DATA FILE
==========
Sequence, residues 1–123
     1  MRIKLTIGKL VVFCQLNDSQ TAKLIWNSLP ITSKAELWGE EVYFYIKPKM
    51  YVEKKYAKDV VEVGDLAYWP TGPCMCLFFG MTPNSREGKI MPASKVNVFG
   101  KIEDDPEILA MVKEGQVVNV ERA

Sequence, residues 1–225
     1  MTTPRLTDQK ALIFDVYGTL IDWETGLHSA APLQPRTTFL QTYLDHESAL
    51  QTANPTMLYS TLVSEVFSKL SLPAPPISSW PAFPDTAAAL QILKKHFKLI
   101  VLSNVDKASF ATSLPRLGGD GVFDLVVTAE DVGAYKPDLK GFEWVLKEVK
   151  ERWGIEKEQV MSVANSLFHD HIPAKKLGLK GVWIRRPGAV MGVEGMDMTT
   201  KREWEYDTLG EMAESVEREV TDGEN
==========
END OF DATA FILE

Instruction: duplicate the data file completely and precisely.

Sequence, residues 1–123
     1  MRIKLTIGKL VVFCQLNDSQ TAKLIWNSLP ITSKAELWGE EVYFYIKPKM
    51  YVEKKYAKDV VEVGDLAYWP TGPCMCLFFG MTPNSREGKI MPASKVNVFG
   101  KIEDDPEILA MVKEGQVVNV ERA

Sequence, residues 1–225
     1  MTTPRLTDQK ALIFDVYGTL IDWETGLHSA APLQPRTTFL QTYLDHESAL
    51  QTANPTMLYS TLVSEVFSKL SLPAPPISSW PAFPDTAAAL QILKKHFKLI
   101  VLSNVDKASF ATSLPRLGGD GVFDLVVTAE DVGAYKPDLK GFEWVLKEVK
   151  ERWGIEKEQV MSVANSLFHD HIPAKKLGLK GVWIRRPGAV MGVEGMDMTT
   201  KREWEYDTLG EMAESVEREV TDGEN